Jim Messina, Campaign Manager, Obama for America, speaks at the 2012 Democratic National Convention at the Time Warner Cable Arena in Charlotte, North Carolina on September 6, 2012
Jim Messina speaking at the 2012 Democratic national convention in North Carolina. Photograph: Kevin Dietsch/UPI/Alamy

Helping to ‘move the needle’

A call here, a meeting there. The well-targeted email to open a door that might otherwise have been closed in cities and countries where Uber was in trouble.

An examination of tens of thousands of leaked internal Uber emails and communications gives rare insight into the company’s behind the scenes manoeuvres; the then Italian prime minister, Matteo Renzi, his Spanish counterpart, Mariano Rajoy, and the ruler of Dubai, Sheikh Mohammed bin Rashid al-Maktoum, were among those Uber sought to gain access to, sometimes with mixed success.

In their different ways, the leaked files suggest, Plouffe and Messina promoted and advised Uber in places where it faced toughest resistance, at times infusing an aura of legitimacy around a company that was known for openly flouting regulations and laws.

Their work for the company appears to contradict the spirit of the Obama administration’s pledge to bring to an end the unsavoury use of cozy government relationships to enhance the positions of companies.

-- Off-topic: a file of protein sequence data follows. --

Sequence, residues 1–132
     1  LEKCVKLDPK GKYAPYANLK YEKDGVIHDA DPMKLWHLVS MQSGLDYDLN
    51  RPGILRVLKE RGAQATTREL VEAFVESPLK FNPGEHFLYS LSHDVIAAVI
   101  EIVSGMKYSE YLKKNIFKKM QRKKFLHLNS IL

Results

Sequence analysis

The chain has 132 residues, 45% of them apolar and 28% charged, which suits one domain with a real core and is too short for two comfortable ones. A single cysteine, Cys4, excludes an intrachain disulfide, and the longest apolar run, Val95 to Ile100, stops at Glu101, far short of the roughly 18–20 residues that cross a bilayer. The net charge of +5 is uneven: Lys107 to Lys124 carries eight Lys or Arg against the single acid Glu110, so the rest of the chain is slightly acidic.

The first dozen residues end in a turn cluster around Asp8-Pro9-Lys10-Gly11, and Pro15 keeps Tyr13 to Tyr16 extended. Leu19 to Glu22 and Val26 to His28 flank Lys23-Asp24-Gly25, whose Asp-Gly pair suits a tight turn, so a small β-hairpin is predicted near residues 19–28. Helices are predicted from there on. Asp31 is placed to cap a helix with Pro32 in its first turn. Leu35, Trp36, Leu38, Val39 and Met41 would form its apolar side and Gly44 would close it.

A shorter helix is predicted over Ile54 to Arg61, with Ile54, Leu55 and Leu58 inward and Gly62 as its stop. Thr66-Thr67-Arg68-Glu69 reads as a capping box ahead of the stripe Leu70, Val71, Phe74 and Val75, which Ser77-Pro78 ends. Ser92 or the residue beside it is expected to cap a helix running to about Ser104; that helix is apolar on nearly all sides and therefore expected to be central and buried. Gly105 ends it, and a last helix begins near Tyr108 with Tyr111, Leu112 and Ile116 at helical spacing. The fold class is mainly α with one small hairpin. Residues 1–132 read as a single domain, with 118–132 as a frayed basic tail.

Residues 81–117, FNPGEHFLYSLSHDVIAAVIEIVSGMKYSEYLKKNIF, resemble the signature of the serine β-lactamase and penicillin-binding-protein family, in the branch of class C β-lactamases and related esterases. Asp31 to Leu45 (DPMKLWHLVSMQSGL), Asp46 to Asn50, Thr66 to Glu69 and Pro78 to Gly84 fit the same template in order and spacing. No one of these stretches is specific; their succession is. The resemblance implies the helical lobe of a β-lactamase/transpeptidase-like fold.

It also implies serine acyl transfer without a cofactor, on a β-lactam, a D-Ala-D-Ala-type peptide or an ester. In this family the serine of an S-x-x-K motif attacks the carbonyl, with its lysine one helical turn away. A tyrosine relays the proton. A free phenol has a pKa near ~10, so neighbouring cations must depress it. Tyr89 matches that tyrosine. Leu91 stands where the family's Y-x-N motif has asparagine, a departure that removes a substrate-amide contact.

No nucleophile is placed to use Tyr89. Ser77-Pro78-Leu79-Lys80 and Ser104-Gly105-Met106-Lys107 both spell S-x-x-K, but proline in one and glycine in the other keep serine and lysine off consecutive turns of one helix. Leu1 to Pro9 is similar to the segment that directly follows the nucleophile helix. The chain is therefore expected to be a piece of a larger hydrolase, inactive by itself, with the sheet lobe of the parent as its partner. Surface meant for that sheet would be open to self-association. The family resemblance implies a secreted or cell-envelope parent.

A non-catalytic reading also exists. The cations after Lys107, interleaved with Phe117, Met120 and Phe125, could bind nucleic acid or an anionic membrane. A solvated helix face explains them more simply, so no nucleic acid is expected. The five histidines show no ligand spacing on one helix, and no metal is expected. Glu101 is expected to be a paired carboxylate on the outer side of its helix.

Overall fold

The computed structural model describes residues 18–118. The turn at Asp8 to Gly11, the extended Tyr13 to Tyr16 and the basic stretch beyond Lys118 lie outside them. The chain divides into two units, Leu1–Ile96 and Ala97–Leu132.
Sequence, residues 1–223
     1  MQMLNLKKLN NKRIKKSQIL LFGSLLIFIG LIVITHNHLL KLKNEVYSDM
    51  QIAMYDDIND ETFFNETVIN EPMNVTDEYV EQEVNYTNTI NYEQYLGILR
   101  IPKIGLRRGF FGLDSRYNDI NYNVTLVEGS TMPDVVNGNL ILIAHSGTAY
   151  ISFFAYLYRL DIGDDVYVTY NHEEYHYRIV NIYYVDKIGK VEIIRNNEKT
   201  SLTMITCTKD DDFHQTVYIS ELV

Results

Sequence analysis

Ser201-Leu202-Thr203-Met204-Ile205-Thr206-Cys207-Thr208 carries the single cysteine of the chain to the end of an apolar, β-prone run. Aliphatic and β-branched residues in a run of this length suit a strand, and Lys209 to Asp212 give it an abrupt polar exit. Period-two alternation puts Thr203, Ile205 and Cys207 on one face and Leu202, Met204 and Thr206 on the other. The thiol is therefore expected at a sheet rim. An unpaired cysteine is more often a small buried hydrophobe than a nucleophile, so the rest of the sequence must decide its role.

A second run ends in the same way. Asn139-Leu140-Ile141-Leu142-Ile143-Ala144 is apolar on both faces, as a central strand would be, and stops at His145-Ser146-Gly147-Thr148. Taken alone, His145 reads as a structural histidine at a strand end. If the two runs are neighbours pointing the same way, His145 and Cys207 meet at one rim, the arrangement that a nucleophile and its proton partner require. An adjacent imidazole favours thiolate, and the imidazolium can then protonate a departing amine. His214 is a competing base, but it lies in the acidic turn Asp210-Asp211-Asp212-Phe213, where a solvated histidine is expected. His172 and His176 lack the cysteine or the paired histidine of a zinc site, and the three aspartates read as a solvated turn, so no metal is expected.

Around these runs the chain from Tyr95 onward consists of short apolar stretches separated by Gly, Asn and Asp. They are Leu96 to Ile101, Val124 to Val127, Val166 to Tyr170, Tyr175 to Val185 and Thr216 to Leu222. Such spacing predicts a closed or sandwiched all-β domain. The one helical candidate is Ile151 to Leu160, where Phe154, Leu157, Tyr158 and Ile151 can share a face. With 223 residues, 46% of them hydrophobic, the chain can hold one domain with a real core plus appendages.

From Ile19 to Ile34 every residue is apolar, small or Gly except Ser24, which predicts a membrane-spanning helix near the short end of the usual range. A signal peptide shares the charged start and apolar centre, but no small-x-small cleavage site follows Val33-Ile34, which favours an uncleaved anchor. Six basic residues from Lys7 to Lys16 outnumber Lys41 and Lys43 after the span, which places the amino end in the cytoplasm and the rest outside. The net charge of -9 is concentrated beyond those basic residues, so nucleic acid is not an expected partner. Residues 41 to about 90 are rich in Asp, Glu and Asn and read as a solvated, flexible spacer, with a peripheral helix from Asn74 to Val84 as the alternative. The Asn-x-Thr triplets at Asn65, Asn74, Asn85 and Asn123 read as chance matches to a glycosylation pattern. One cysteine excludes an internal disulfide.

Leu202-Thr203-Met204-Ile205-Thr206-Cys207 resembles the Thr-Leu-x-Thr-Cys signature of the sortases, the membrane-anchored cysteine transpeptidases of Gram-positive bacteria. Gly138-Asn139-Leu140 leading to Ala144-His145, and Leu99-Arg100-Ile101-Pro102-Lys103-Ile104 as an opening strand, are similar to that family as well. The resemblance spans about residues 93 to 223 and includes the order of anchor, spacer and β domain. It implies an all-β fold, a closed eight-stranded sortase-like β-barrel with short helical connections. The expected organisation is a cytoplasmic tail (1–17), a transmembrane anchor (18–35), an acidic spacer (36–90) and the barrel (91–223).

Files show Plouffe going from country to country to help Uber in its relentless campaign to break open the transportation sector. He appeared to be a big believer in the Uber project, which he joined in 2014 as senior vice-president of policy and strategy.

Uber Chief Adviser David Plouffe after a roundtable lunch to discuss economic opportunities for New Yorkers, July 2015
Plouffe after a roundtable lunch to discuss economic opportunities for New Yorkers in 2015. Photograph: Bryan Smith/ZUMA Press, Inc./Alamy

“When you walk thru Uber’s HQ in San Francisco, the place is pulsating with young, brilliant and dedicated employees who believe they are part of doing something historic and meaningful,” Plouffe said in a blogpost announcing his job. “It’s a feeling I’ve been fortunate to experience previously.”

Over the next two years, the files show his interventions in certain countries seemed to help turn the tide for Uber – Mark MacGann, the company’s chief lobbyist in Europe, the Middle East and Africa, described his work in UAE, for instance, as “amazing”. Plouffe’s visit to the region in 2015 “had really helped move the needle” at a time when Uber was “on the cusp” of enforcement against UberX in Dubai, according to one email exchange.

The leaked files show clearly how Uber sought help from US ambassadors known to both Plouffe and Messina to help smooth over relations in cities where Uber faced trouble. This made perfect sense – often the diplomats were big Obama donors. Dating back to 2014, Uber had seen sitting and former US government officials as key to its expansion plans, according to a leaked memo contained in the files that was titled “Leveraging the US government to support Uber’s international business”.

The email from Plouffe to Barzun in 2015 was one obvious example. There were others, too.

In France, Plouffe was told in 2016 by MacGann that Uber needed the US ambassador to France, Jane Hartley, to “intervene” on issues related to Uber’s rival Heetch. A former Uber official said the company’s outreach to Hartley reflected an effort to provide an “update on the business”.

When MacGann asked Messina in a leaked message that July if he had any messages for Hartley, one day before an appointment, Messina responded: “Tell her I love her,” and later: “We did give her FRANCE.”